Two Catholic nuns of the FMM congregation based in the San Thome campus of St. Rapahel’s Girls School have been deeply involved in a slew of social work projects which were triggered by the pandemic situation in 2020.
These are projects that empower women who are either socially or economically weak or discriminated.
The latest project that Sister Philo and her colleague started is a short-term course in Home Nursing. “We have seen a big demand in home nurses since last year and want to train women in this line,” said Sr. Philo.
With basic lessons provided by senior nurses, the three-month course has 25 young women attending it. The tie-up with Venkateswara Hospitals provides for hands-on training.
Once the first batch is skilled, the women will be placed and Sr. Philo says that a smart home nurse can earn as much as Rs.20,000 per month, working either for a few hours at a couple of places or for long hours at one place.
Since mid-2020, the nuns have been running courses in tailoring, computer skills for trans-women and in baking. And they credit their Provincial, Sister Nirmala G., for encouraging them on these projects.
The trigger for this project called ’Sudar’ was set off by the impact that the pandemic began to have on the poor in April – May 2020. The nuns decided to launch a tailoring course for women because the skill was in demand and women could earn. When word went around, many women signed up.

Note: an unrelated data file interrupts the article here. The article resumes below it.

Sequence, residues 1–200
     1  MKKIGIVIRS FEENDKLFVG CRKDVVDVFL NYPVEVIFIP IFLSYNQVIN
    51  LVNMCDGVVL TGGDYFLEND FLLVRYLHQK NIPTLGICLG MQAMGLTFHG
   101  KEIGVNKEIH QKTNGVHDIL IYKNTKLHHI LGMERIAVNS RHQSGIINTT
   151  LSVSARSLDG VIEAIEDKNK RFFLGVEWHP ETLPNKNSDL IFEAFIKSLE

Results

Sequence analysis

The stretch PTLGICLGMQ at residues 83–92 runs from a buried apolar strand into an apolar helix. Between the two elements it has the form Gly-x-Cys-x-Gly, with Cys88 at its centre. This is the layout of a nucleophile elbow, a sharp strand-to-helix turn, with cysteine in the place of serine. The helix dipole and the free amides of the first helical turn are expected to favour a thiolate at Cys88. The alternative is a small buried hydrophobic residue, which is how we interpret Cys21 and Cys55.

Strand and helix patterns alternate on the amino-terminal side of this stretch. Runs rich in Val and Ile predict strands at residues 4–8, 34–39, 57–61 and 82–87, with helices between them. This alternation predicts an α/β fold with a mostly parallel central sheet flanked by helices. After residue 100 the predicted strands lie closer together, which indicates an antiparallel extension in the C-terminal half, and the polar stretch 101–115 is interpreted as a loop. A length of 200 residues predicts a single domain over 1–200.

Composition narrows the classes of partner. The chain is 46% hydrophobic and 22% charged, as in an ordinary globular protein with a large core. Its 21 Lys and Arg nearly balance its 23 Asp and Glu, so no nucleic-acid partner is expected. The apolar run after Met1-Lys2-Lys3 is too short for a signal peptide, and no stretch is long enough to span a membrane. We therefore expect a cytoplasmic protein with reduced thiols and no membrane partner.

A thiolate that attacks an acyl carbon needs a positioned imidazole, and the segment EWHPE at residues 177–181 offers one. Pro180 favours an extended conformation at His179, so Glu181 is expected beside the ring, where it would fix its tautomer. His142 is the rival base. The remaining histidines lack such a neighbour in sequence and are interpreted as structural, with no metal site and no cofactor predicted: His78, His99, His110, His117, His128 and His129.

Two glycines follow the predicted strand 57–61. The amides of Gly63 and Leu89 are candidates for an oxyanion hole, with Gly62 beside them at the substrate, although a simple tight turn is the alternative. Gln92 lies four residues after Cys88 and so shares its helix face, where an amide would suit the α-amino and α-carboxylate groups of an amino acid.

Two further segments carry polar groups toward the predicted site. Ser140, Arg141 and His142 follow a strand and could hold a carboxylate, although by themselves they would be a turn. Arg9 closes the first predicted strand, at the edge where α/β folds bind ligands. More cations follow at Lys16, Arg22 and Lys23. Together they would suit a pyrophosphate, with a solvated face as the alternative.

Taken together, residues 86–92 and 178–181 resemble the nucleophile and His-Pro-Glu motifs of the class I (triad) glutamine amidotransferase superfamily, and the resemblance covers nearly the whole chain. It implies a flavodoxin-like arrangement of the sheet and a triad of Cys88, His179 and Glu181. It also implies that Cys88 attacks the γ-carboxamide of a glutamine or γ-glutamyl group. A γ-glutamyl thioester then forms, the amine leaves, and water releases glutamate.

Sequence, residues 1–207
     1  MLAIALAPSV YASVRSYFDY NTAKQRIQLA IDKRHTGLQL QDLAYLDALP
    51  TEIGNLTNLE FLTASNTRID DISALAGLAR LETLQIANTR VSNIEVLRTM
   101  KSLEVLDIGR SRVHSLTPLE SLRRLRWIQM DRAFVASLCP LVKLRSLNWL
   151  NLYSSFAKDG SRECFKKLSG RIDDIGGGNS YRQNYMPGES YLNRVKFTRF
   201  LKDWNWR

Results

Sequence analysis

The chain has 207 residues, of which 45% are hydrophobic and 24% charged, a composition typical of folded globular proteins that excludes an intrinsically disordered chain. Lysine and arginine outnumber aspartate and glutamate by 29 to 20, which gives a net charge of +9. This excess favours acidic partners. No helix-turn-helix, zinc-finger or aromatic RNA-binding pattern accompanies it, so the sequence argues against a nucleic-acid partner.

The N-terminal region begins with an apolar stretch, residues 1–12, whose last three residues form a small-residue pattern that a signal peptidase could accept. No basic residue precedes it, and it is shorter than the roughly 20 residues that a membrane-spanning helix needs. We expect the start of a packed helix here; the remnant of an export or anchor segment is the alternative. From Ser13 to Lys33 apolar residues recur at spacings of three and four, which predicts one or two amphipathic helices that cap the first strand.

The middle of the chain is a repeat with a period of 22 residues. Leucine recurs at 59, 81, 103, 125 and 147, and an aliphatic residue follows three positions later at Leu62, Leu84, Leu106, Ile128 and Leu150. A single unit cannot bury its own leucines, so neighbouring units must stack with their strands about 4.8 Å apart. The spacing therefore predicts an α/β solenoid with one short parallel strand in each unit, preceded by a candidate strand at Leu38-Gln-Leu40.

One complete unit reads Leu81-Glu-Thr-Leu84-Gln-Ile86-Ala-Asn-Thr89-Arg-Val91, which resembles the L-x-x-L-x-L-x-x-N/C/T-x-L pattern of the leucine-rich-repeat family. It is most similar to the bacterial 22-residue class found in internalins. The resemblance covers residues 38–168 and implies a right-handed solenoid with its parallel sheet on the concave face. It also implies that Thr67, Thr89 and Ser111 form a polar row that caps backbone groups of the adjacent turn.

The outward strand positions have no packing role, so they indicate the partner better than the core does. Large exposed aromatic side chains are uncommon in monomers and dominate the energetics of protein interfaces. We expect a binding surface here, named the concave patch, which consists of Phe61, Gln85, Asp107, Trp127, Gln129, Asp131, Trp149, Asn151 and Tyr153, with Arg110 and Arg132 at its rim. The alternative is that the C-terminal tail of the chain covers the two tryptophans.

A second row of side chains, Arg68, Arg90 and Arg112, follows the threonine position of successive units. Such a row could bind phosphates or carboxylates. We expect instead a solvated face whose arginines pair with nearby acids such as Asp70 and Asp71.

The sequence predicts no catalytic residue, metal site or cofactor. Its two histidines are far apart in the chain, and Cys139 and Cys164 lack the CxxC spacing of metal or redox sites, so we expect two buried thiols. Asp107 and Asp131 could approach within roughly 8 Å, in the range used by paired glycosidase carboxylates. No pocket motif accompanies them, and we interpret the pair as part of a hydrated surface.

“We did not want to offer it free because most people take these things for granted,” says Sr. Philo. But she still found takers for the course priced at Rs.300. The women, after training were asked to take a government exam “ because this made them eligible to apply for bank loans to buy sewing machines.”
Some have begun earning after they set up the sewing machines at home.
Meanwhile, the nuns were visited by trans-women of this area, who sought food and help. This set off another trigger – to curate a skills course that would empower these people and move them away from the margins of life. Thus started the course in the basics of computer skills.
Some of these trainees even got employment – Chennai Metro contracted them for work at the Old Washermenpet station.
The nuns realised that there was more to be done with this community. So they started a course in psycho-socio analysis with the guidance of experts from the reputed NIMHANS in Bengaluru.
Says Sr. Philo, “Many of these women need guidance and help to move out of their old lifecycle and get mentally positive and strong to embark on new goals.”
Another project got underway when the owner of the Chennai-based multi-chain-restaurants ‘Hot Breads’ Mahadevan agreed to train a few single mothers at his bakery’s backyard in Alwarpet. This place adjoins Winners Bakery where Mahadevan, a city Rotary Club and Chennai Corporation run a baking skills training centre.
A few women have passed this course in baking and have begun making biscuits and bread at a unit set up in the campus in San Thome where the nuns base all their activities. But funds are needed to get a full-fledged business going.
The Home Nursing course was also born out of needs expressed around the nuns at pandemic time – when some families with seniors or sick people sought out skilled home nurses.
The nuns are looking ahead, as the courses continue. But they are short on funds and welcome donations. Contact Sr. Philo at 9894480194